Jennings' death is reminder of smoking dangers

Tuesday, August 9, 2005

When Mike Shain heard that ABC news anchor Peter Jennings died, his first thoughts were about an esteemed fellow television journalist who made his mark on the national news scene.

But then the anchorman for KFVS12 in Cape Girardeau thought some more: Lung cancer. Dead at 67, just a year older than Shain.

And both were long-time smokers. Shain still is one.

"We have that in common," said Shain, who over the years has had a quintuple bypass, a benign tumor and asthma, all related to smoking. "But I'm one of those who feel lucky. Isn't that something all smokers feel? Like it won't happen to them?"

It certainly seems so, considering that more than 160,000 Americans people will die from lung cancer in 2005. Local health experts say Jennings' death should remind smokers of the role prevention, early detection -- and perhaps most importantly quitting -- should play in the fight against cancer.

Several risk factors increase the chance of developing lung cancer. Smoking is the most important one, said Dr. Stanley Sides, a Cape Girardeau medical oncologist for 30 years.

"It's a choice they make," Sides said. "They're accepting significant risk. It's like riding a motorcycle without a helmet or anything else. They tell you smoking is pleasurable. But smokers shouldn't be surprised if they get lung cancer."

Lung cancer is still the leading cause of death in America in both men and women and kills more than the No. 2 through No. 4 causes combined, Sides said. Smoking also can lead to heart disease, asthma and other medical problems.

So the first thing he tells his patients who smoke is that they should quit.

"Whenever you stop smoking, you reduce the risk," he said.

Once a person has quit smoking, the risk decreases for heart disease much more rapidly than for lung cancer, according to WebMD. Within the first two to three years after quitting, many of the effects of heart disease will begin to diminish. There will be some slowing in the progression of blockages that form in heart arteries from smoking.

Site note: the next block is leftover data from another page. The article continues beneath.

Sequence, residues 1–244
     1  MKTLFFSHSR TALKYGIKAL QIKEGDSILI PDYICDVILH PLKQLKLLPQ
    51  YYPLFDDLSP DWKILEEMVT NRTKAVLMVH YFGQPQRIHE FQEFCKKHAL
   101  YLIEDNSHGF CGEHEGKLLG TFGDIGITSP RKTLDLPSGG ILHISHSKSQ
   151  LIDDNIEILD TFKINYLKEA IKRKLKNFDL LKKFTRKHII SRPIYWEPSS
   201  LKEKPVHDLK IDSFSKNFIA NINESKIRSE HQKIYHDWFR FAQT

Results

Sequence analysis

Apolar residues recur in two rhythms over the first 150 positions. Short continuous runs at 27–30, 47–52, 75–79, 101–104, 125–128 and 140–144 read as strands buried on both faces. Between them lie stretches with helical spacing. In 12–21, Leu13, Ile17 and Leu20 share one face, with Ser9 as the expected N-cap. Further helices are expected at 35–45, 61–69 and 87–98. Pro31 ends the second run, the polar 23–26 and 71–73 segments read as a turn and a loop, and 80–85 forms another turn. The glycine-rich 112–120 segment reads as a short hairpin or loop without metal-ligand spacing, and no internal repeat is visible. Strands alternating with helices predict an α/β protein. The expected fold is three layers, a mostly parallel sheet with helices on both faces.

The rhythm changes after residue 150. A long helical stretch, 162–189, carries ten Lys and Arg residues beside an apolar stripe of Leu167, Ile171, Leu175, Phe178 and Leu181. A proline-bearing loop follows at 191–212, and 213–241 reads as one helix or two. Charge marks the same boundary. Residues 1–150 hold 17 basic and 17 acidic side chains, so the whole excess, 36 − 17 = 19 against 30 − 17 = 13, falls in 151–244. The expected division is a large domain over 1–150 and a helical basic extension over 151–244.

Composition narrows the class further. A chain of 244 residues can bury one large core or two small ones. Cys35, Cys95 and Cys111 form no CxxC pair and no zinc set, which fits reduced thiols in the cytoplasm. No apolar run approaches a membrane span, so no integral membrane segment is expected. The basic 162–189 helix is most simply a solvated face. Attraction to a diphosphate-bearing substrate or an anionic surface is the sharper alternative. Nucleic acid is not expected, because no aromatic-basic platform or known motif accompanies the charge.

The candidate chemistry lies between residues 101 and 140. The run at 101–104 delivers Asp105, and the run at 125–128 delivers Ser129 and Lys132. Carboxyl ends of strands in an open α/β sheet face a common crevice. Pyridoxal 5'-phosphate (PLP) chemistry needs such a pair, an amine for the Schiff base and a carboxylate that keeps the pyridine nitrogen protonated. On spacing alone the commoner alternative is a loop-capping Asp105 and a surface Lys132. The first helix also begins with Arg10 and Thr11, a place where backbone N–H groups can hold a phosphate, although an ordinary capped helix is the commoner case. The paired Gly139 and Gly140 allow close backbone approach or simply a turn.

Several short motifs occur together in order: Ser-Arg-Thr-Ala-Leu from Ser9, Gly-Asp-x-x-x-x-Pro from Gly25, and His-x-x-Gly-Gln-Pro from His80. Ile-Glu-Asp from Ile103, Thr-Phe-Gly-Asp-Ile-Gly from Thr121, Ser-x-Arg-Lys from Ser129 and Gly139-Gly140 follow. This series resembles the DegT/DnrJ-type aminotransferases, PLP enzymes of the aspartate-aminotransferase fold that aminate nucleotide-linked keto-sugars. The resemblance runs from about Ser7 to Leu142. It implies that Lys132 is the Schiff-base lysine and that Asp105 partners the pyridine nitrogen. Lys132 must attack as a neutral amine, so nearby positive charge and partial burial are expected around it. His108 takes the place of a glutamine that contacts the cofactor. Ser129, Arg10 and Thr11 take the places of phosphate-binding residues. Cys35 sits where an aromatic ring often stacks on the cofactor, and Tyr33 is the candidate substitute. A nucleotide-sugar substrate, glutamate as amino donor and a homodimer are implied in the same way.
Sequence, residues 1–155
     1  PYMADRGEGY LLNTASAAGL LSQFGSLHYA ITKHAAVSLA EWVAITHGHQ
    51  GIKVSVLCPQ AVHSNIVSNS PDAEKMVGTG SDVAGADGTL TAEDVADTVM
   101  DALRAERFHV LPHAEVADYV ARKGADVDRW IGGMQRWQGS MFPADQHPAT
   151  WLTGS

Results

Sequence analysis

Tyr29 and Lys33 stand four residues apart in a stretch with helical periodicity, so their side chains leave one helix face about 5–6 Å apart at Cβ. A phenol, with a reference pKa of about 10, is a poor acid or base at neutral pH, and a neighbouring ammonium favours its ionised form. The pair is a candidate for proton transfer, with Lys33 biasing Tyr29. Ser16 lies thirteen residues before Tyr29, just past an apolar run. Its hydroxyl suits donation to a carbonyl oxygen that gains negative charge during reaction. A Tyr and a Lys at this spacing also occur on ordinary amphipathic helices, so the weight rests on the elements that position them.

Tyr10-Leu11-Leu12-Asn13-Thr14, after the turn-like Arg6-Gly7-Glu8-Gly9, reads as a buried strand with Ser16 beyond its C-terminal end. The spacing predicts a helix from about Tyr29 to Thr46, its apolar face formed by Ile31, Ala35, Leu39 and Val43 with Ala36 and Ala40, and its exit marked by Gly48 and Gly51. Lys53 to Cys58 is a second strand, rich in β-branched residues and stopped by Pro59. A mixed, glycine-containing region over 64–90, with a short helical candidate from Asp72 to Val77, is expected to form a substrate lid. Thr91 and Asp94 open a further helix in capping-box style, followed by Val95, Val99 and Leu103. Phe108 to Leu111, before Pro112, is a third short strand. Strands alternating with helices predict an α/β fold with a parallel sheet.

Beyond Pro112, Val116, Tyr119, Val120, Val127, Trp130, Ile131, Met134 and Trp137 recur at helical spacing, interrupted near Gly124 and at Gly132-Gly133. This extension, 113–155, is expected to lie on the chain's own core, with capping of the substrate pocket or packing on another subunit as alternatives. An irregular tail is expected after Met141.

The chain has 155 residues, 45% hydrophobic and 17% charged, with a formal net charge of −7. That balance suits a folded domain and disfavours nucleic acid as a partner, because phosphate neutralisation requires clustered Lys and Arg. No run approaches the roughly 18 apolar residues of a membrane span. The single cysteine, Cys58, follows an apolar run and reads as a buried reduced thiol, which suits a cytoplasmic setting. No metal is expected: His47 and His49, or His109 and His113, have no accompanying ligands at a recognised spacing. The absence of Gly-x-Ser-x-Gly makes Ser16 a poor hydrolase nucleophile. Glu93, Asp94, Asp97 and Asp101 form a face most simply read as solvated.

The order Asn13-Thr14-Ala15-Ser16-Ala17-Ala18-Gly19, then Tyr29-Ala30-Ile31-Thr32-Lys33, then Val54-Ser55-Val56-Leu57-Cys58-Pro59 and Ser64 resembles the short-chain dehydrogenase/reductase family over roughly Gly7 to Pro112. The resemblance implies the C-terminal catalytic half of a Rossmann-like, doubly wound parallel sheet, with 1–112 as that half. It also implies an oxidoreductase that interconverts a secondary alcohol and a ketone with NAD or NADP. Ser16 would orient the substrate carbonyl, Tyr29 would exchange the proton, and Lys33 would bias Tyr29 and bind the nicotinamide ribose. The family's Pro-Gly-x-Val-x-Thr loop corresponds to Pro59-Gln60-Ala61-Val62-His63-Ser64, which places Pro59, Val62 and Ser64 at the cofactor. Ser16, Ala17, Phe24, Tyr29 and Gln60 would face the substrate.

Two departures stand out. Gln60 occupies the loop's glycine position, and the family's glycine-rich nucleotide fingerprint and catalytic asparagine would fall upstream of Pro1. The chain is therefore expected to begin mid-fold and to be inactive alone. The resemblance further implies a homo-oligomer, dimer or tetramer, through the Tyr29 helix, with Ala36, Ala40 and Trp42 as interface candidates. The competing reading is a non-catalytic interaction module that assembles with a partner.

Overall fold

Lung cancer is a much more difficult issue, according to Sides. If you smoke two packs of cigarettes a day for 20 years, your risk of developing lung cancer is 70 times that of the general population, he said. Seven and eight years after someone quits smoking, the smoker's risk is cut in half, but it's still 35 times that of the general population.

Some researchers think it takes about 15 years for the risk to drop back to the general population.

Jennings had quit smoking for 20 years but started again five years ago after the terrorist attacks of Sept. 11.

Registered nurse Debbie Leoni runs the "Freedom from Smoking," class at HealthPoint Plaza Fitness Center in Cape Girardeau. She said nicotine stays in a smoker's system for five days. After that, it's all about breaking the habit.

"It's a miserable five days, but after that you have to find something else to do other than smoke," she said. "It's like any other habit, drinking soda or whatever. It's uncomfortable to break a habit, but it can be done."

Some rely on the nicotine patch or gum. There is also a new cartridge which looks like a "fat cigarette" and gives people the nicotine without the tar and other chemicals.

"But you really just have to want to do it," she said. "People doodle, walk, take deep breaths. There's even hypnotism. Some people even break straws in half and suck on a straw. You do what you have to. If you want to quit, anything can work."

Unfortunately, not everyone wants to or even feels like they can.

Mike Shain is such a person.

"If I could quit and not miss it, I would probably quit," Shain said. "But I don't want to miss it, even for an hour."

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